Return of the Challenge Transat
The inaugural race, which was run in 2002, launched race organiser, Challenge Business’ leap into running shorter events. There has been no going back for the marine events company with The Round Britain and Ireland Challenge and the Ireland Challenge also part of its successful, smaller event portfolio.
“The Challenge Transat was a phenomenal success in 2002,” comments Sir Chay Blyth. “And we’ve come under pressure to run the event again. People crossing across the Channel is now common place. People’s aspirations are now aimed at crossing an ocean. One of the big challenges is the North Atlantic and it’s certainly a pinnacle for many a sailor. It’s a challenge for the adventurous and those wanting to improve their long-distance sailing skills.”
The event will feature six, identical, 72ft-racing yachts and will comprised of two races, with crews able to sign up to one or both. Crews will be required to complete one training session of five days and one of three, each spanning a weekend, which will equip even first time sailors with the skills to take on the elements that the race presents.
The first leg starts for the crews with a team announcement on 5 August 2006, the last Saturday of Cowes Week, enabling crew to soak up some sailing atmosphere during one of the world’s most famous yachting events before embarking on the North Atlantic challenge.
They will then set sail on four days of solid race training with their new crews formulating strategies and decisions, and updating their training skills. After three days of race preparation in port between the 10-12 August crews will gear up for the start on Sunday, 13 August 2006.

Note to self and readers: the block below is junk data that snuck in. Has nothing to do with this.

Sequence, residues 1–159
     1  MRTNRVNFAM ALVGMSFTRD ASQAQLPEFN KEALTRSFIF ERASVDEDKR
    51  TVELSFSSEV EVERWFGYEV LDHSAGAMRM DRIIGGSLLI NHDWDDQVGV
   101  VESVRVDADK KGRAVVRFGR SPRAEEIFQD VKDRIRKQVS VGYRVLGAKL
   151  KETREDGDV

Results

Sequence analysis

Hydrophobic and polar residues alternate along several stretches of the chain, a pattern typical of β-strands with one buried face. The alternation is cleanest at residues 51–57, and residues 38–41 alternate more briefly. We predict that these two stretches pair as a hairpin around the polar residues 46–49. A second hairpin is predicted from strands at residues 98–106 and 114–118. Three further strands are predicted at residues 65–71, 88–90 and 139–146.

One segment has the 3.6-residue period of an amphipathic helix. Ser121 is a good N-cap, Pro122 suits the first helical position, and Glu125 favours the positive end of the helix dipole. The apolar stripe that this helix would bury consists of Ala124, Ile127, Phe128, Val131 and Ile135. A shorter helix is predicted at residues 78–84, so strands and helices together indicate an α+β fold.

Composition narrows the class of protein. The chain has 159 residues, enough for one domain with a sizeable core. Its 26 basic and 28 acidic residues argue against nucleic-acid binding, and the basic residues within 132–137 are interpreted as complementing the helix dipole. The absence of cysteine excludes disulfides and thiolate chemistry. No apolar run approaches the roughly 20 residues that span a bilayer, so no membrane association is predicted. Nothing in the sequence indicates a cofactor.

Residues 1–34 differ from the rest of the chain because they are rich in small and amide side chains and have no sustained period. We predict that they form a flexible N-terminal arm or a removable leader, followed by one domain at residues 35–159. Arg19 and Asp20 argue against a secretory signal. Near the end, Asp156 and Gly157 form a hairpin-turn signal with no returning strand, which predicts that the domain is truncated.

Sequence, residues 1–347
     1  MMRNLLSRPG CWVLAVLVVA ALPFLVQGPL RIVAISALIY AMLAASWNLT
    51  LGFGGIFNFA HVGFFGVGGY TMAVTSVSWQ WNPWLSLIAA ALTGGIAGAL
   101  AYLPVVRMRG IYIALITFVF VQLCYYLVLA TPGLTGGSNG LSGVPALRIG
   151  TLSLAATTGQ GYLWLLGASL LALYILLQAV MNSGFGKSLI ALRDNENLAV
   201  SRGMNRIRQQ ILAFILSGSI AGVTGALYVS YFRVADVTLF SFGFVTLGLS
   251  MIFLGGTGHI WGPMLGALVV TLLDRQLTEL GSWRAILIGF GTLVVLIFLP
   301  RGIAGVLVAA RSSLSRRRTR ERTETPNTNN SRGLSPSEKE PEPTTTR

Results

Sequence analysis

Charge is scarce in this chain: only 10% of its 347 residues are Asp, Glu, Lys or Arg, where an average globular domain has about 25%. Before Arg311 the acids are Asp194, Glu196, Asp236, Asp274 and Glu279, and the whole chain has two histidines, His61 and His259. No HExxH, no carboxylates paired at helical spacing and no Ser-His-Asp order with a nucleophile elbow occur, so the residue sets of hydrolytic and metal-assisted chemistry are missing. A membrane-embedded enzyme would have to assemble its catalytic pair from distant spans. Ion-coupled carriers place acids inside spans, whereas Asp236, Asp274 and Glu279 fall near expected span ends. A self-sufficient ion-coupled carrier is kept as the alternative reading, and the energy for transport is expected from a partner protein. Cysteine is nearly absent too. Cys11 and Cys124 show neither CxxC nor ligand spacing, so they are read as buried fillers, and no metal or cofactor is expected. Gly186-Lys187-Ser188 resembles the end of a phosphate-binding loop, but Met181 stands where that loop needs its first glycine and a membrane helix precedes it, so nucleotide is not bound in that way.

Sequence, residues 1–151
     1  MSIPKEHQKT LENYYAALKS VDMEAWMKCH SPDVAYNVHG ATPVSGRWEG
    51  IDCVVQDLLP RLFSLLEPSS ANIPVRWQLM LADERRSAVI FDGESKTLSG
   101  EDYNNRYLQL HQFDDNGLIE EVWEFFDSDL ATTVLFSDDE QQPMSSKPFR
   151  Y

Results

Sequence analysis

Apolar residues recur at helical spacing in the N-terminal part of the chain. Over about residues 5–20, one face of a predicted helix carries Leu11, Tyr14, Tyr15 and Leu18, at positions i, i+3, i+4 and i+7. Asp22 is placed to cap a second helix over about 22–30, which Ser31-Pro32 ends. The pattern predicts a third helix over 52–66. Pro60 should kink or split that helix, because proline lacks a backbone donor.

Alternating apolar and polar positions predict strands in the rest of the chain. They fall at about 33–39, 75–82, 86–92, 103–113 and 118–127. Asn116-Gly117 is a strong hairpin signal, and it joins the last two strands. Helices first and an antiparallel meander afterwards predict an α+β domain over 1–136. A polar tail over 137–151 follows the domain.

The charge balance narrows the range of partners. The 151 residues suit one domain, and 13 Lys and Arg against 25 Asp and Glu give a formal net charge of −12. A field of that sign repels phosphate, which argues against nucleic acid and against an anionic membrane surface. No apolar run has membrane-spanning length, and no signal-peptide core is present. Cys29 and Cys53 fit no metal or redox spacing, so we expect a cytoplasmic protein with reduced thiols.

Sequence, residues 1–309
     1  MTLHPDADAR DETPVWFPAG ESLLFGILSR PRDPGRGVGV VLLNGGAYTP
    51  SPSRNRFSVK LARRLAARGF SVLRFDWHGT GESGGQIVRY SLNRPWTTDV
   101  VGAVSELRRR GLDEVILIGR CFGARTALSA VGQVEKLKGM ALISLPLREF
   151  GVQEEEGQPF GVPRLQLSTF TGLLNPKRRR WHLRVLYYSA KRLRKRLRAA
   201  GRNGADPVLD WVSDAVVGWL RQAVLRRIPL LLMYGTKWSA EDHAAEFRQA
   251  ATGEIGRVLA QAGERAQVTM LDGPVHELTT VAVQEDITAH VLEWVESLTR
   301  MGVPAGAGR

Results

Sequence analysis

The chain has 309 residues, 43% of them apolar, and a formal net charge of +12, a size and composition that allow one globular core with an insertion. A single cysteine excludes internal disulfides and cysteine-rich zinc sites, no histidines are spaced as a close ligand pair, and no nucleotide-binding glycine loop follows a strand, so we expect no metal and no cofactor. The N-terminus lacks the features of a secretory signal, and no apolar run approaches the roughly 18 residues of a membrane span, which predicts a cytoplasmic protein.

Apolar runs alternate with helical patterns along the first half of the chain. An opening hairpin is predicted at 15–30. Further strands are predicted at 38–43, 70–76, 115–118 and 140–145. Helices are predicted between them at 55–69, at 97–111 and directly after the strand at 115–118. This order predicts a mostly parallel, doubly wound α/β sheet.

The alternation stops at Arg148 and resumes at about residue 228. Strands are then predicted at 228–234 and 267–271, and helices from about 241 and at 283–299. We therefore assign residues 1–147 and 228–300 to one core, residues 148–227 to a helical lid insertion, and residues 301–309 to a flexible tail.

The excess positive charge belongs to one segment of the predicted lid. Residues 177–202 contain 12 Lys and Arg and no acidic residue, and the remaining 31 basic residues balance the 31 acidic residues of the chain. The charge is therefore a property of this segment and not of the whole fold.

The crews will be eager to beat current Leg One Challenge Transat record holders BG, who in 2002 beat off stiff competition and a tropical storm to lift the cup as victors in a time of 18 days, 16 hours, 46 minutes and 38 seconds!
Crews in Leg One will be racing flat out for between 18-21 days and could expect anything along the way with the notorious North Atlantic often conjuring up many unexpected surprises as well as many delights, from unusual weather patterns to marine wildlife!
Once in port crews will be treated to all the razzmatazz synonymous with Challenge Business events including a Prize Giving celebration on Wednesday 6 September. Crews will then be able to unwind in the city of Boston; a popular tourist destination steeped in maritime tradition!
The downwind leg then starts for the crews on Friday, 8 September with crew joining their yachts after a Leg Two crew announcement in the bustling Massachusetts city. Crucial race training will take place once more, around the waters of Boston before they regroup with their new race plans and refreshed camaraderie, to make last minute preparations before the off.
Leg Two of the Challenge Transat will then start on Saturday, 16th September from Boston with a ceremonial send off for the plucky crews. Being a downwind sprint back home the return is traditionally faster with the first yacht expected back after 13 days. On this race their aim will be to beat Vail Williams who hold the Leg Two record of 13 days, 21 hours, 30 minutes and 15 seconds.
A final Prize Giving will take place on Saturday, 7 October in Southampton.